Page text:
Finding_Fela_Dogwoof_Documentary_4_800_599_85Alex Gibney’s joint ventures into music and politics in recent years continues with a new biopic of legendary Nigerian Afrobeat musician, and steadfast activist, Fela Kuti. Peddling out of The Armstrong Lie, Gibney turns his attention to Bill T. Jones’ Broadway musical FELA!, twinning it with archival and borrowed footage to lead us on an equally heart-racing journey. Finding Fela has the makings of a classic music biopic: as thorough and soulful as Kevin Macdonald’s Marley, thrilling as Scorsese’s The Last Waltz all those years ago, or more recently Morgan Neville’s euphoric 20 Feet From Stardom, but follows an irresistible character in the same way Malik Bendjelloul’s Searching For Sugar Man did.

As with so many celebrated black singers, Kuti’s origins were humble: the Church was where his music career started. History often dictates the lives of these icons however; Kuti was soon politicised through an activist mother in the 1960s and sharply realised the potential of his music to empower, inform and mobilise the people of Nigeria against an oppressive military regime. The title of Gibney’s film speaks to this constant search for identity, will and action. The film handpicks key moments in Fela’s life: his decision to reject medicine and study music, listening to James Brown, witnessing the Black Panthers – all of which crystallised his views but enriched his music.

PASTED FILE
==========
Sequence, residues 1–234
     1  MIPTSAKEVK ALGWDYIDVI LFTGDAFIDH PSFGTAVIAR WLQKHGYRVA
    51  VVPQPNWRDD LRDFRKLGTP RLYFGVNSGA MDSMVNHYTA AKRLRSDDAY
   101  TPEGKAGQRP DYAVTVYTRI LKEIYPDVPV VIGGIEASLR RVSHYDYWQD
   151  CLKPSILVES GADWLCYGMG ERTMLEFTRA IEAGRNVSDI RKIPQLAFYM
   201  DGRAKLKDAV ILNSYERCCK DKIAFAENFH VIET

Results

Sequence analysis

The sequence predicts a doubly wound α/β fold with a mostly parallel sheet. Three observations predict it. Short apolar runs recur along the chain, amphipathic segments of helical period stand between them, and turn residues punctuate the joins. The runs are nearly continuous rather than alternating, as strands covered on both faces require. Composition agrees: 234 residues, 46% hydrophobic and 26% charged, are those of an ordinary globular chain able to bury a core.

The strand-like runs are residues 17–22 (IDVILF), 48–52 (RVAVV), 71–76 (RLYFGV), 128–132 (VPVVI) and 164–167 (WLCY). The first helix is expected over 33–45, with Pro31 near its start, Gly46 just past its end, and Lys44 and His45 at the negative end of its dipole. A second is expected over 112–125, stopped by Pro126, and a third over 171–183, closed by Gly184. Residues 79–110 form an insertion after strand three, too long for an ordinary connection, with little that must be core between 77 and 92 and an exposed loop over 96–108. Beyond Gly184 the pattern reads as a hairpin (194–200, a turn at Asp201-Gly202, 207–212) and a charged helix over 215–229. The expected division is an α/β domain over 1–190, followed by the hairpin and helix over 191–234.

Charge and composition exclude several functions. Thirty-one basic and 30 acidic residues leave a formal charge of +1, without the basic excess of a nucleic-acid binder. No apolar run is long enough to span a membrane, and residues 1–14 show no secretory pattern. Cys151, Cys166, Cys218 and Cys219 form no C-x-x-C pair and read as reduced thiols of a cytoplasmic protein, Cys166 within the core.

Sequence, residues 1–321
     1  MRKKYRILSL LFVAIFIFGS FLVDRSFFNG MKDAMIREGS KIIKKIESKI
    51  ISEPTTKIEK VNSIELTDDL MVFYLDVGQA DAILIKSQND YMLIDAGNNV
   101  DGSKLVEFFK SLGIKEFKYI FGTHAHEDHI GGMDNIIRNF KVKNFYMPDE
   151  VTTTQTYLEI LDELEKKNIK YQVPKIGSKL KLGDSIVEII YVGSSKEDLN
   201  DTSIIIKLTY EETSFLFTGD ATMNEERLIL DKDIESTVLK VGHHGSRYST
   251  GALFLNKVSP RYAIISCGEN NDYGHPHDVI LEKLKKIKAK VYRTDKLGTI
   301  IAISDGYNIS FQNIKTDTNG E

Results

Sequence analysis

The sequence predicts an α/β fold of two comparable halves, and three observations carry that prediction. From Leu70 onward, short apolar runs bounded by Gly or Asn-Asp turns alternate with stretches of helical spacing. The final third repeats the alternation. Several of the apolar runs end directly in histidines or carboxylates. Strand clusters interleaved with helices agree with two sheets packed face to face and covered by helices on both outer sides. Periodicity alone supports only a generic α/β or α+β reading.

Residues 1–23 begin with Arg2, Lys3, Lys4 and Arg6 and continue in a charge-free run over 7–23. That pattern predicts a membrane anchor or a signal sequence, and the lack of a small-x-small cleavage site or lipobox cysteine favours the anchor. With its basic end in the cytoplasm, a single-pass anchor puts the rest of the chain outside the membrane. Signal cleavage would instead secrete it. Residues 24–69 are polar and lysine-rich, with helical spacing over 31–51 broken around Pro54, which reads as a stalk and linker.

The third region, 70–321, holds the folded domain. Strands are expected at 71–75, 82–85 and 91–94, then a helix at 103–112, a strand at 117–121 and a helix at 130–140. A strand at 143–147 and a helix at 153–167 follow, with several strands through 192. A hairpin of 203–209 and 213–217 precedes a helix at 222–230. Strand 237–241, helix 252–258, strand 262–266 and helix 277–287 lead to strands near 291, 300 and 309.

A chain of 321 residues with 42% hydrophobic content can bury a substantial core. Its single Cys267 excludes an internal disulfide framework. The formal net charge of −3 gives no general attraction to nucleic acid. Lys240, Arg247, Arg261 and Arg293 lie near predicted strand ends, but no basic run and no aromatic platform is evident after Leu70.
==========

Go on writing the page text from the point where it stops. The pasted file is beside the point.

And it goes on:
Gibney’s pairing with that of the Broadway musical is a small stroke of genius as we find Fela both in a fictional sense, appreciating how difficult it is to put this man’s life on stage, while witnessing a real jumble of characters. Fela is not deified in any way, though he may have been guilty of this himself, and held accountable for the uncontrollable womanising in the name of free love, his indifference towards his children and his irresponsibility with sexual health. Undoubtedly however, this could even be further pressed upon by Gibney. That’s not to say the film is a damning indictment; it cherishes the bravery and conscience of a man who risked his life daily in the face of a brutal Nigerian military who would constantly beat and harass him.

Most attractive is that there’s something for everyone in Gibney’s film. Afrobeat and Jazz fans will not walk away unserved, the politics is raw and urgent, the production is artful, the storytelling immensely thoughtful. It is a sound examination of music as weaponry, politics as showmanship, protest as performance. There’s a real sense that we’re on a journey with the filmmakers who have set out to discover the ideologies, anxieties, battle-cries, dreams and failures of a man who hasn’t been in the public consciousness for some time. The ideas he put forth about government, racial segregation, corporate greed and colonisation means that losing him again simply isn’t an option.